Localized Knowledge Spillovers: Evidence from the Spatial Clustering of R&D Labs and Patent Citations

By: K. Buzard, G. A. Carlino, R. M. Hunt, J. K. Carr, T. E. Smith. Federal Reserve Bank of Philadelphia, Research Department, Working Paper No. 17-32, 2017.

Abstract: “Patent citations are a commonly used indicator of knowledge spillovers among inventors, while clusters of research and development labs are locations in which knowledge spillovers are particularly likely to occur. In this paper, we assign patents and citations to newly defined clusters of American R&D labs to capture the geographic extent of knowledge spillovers. Our tests show that the localization of knowledge spillovers, as measured via patent citations, is strongest at small spatial scales and diminishes rapidly with distance. On average, patents within a cluster are about three to six times more likely to cite an inventor in the same cluster than one in a control group. At the same time, the strength of knowledge spillovers varies widely between clusters. The results are robust to the specification of patent technological categories, the method of citation matching and alternate cluster definitions.” [ABSTRACT FROM AUTHORS]

 

Location Choices of Graduate Entrepreneurs

By: J. P. Larsson, K. Wennberg, J. Wiklund, M. Wright. The Ratio Institute, Working Paper No. 290, 2017.

Abstract: “We review complementary theoretical perspectives on location choices of university graduate entrepreneurs derived from the individual-opportunity nexus and local embeddedness perspectives on entrepreneurship. Analysis of the full population of 215,388 graduates from Swedish institutions of higher education between 2002 and 2006 provides support for both location choice perspectives. Overall, 63 % of graduate entrepreneurs start businesses locally in their region of graduation while 37 % start businesses elsewhere. The likelihood of starting locally is substantially higher in metropolitan regions, if the graduate was born locally or has university peer entrepreneurs and entrepreneurial family members in the region of graduation. Implications for theory and public policy are discussed.” [ABSTRACT FROM AUTHORS]

 

Radical innovation in Marshallian industrial districts

By: J.-L. Hervás-Oliver, J. Albors-Garrigos, S. Estelles-Miguel, C. Boronat-Moll. Regional Studies, DOI: 10.1080/00343404.2017.1390311, 2017.

Abstract: “Radical innovation is under-researched in the geography of innovation. In this paper, the focus is on understanding how radical innovations occur in Marshallian industrial districts (MIDs), a phenomenon mostly overlooked. Using an exploratory and in-depth longitudinal case study methodology in two European MIDs, this paper analyzes radical innovation in MIDs and finds that the introduction of technology-distant knowledge and new firms from different (to the focal) industries are both necessary mechanisms, but not sufficient. Access to leading incumbents’ networks, based on social norms, becomes a crucial social factor necessary for radical innovation to occur in MIDs.” [ABSTRACT FROM AUTHORS]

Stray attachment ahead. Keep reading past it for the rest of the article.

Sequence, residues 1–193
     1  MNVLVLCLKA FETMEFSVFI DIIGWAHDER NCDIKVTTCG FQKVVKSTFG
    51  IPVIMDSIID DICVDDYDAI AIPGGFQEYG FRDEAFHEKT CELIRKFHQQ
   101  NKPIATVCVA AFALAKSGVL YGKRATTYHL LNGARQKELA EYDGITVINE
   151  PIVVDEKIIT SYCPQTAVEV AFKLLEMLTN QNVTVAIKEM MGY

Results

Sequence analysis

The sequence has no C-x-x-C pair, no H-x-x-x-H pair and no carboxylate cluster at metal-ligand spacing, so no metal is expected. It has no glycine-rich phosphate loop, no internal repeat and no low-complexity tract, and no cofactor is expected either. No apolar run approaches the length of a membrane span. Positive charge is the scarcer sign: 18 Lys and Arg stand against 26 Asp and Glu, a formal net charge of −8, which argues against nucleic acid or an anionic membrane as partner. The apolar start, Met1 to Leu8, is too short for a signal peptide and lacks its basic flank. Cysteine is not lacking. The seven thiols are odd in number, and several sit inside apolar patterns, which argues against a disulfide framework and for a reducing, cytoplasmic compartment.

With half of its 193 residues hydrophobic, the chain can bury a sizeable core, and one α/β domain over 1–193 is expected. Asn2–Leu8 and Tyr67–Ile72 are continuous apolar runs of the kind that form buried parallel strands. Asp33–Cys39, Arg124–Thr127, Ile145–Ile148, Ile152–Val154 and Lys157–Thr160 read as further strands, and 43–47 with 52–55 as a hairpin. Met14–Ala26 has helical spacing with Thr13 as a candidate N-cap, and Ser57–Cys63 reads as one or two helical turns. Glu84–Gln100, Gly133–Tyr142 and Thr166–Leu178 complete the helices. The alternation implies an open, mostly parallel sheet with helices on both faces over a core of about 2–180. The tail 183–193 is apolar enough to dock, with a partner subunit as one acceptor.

Improving productivity in New Zealand's economy

By: A. Barker. OECD Economics Department Working Papers No. 1419, 2017.

Abstract: “New Zealand ranks highly on most indicators of well-being, but incomes are below the OECD average due to low labour productivity. Low labour productivity is only partly explained by the industry composition of the NZ economy and is primarily a consequence of sustained low multi-factor productivity growth within industries, as well as weak investment. Economic geography is an important factor in New Zealand’s poor productivity performance, as the small size and remoteness of the economy diminish its access to global markets, the scale and efficiency of domestic businesses, the level of competition, and the ability to benefit from innovation at the global frontier. Policy and institutions are generally supportive of productivity growth, but there are a number of areas where there is scope for reforms that would help offset the country’s geographical disadvantages and improve the welfare of New Zealanders over the coming decades. This includes promoting international connections, removing barriers to fixed capital investment (including taxation), accessing benefits from agglomeration by improving urban planning and infrastructure provision, enhancing competition and increasing investment in innovation and intangibles.” [ABSTRACT FROM AUTHOR]

 

A Long-Run Perspective on the Spatial Concentration of Manufacturing Industries in the United States

By: N. Crafts, A. Klein. University of Kent, School of Economics, KDPE Discussion Papers No. 1715, 2017.

Abstract: “We construct spatially-weighted indices of the geographic concentration of U.S. manufacturing industries during the period 1880 to 1997 using data from the Census of Manufactures and Bureau of Labor Statistics. Several important new results emerge from this exercise. First, we find that average spatial concentration was much lower in the late 20th- than in the late 19th- century and that this was the outcome of a continuing reduction over time. Second, the persistent tendency to greater spatial dispersion was characteristic of most manufacturing industries. Third, even so, economically and statistically significant spatial concentration was pervasive throughout this period.” [ABSTRACT FROM AUTHORS]

 

Emerging challenges of an urban creative economy: reflections on the governance of creative clusters in Taipei City

By: C.-Y. Lin. European Planning Studies, DOI: 10.1080/09654313.2017.1392489, 2017.

Abstract: “Retaining the global mobile creative class has been considered a crucial strategy for driving creative economic development in inner cities. However, implementing the global creative city strategy overemphasizes the significance of amenity-based creative economic landscapes over institutional collaborations in contributing to the situated governance dynamics of creative clusters. Drawing on insights from an evolutionary perspective, this paper scrutinizes the extent to which creative city strategies foster the situated development of creative clusters based on a case study of Taipei. The paper argues that developing the urban creative economy requires a context-specific understanding of the urbanization process, and should involve an institutional collaboration to articulate the socio-spatial co-evolution between the diversified dynamics of creative clusters and urban form. This paper advocates reflexive thinking on neoliberal city strategies to develop a conjunctive, diverse and substantial creative policy to support alternative paths of creative city development.” [ABSTRACT FROM AUTHOR]